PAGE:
Subaru Australia says it is considering extending its warranty period, as it seeks to continue growing its market share in what the company believes will be a slightly flat market over the coming years.
Subaru’s local performance is first rate, to the point where Australia commands the largest market share of any global market for the brand. We take close to five percent of total annual production – around 1 million vehicles a year worldwide – achieving around 4.4 percent market share.
That's more than any other market, including Japan and the USA.
Subaru Australia sold over 52,000 vehicles last year, and expects to see its numbers increase at a steady rate, with potential for a longer warranty playing into the push.
“It’s always under consideration, it has been under consideration for a while,” local Subaru boss, Colin Christie, told CarAdvice at the New York motor show.
“We have really good success when we have made extended warranty campaigns and it gets good pickups, so like everything we continue to monitor that and have a look at what we want to go to market with.”
Christie believes Australian market volume is likely to remain largely unchanged for the foreseeable future.
“The overall new car market in total, I don’t see a huge amount of growth in the next 2-3 years, in particular, it will grow year-to-year but it will be a relatively stable growth.
“For our brand we have grown dramatically in the last 2-3 years, from sort of low 40,000s to 52,000+ last year, huge growth in the last couple of years.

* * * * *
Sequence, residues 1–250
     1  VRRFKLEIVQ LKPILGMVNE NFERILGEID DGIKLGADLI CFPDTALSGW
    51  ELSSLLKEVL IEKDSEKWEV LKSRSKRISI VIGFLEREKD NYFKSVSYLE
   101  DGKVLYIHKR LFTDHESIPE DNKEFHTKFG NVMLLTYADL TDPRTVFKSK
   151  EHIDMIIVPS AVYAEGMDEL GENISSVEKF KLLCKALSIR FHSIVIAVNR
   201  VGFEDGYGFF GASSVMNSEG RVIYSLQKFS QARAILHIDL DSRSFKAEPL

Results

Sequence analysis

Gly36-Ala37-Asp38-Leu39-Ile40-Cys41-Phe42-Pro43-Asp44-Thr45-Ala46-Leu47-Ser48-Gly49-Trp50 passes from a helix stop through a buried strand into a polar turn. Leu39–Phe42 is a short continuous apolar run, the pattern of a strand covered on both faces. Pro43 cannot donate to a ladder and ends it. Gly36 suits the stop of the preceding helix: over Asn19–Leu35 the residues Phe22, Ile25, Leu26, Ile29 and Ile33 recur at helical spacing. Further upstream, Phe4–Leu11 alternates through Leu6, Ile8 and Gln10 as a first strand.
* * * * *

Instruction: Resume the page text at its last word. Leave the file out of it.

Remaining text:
"We expect that to grow but perhaps not in the same rapid rate as it has been, but now with Impreza in the market and XV – which is running double [sales] what it was last year in runout phase – and then bringing Forester into market in the last third of the year, we are expecting to still see some pretty good growth the next couple of years.”
The Forester remains the best-selling Subaru and the all-new model is expected before year end. Christie believes the new car will be more competitive than the current cars, both as a product and in terms of value for money.
“In terms of the new model, we haven’t set ourselves any specific targets or goals yet for the car but... like Impreza and XV, we expect it to grow and grow well.
"It brings all the technologies and more technology than most of its competitive set and we haven’t finalised prices yet, but it will be very competitively priced. We are very excited that we can get Forester back up to the top of the rankings again.”
Much like the XV and Impreza based on the company’s new global platform, the Forester and its new 2.5-litre direct-injection petrol engine – the only powertrain on offer – will likely move to 12 month service intervals.
With plenty of manufacturers now offering five or seven-year warranties, should Subaru move to a five-year warranty as a minimum? Does it make a difference to your purchase decision?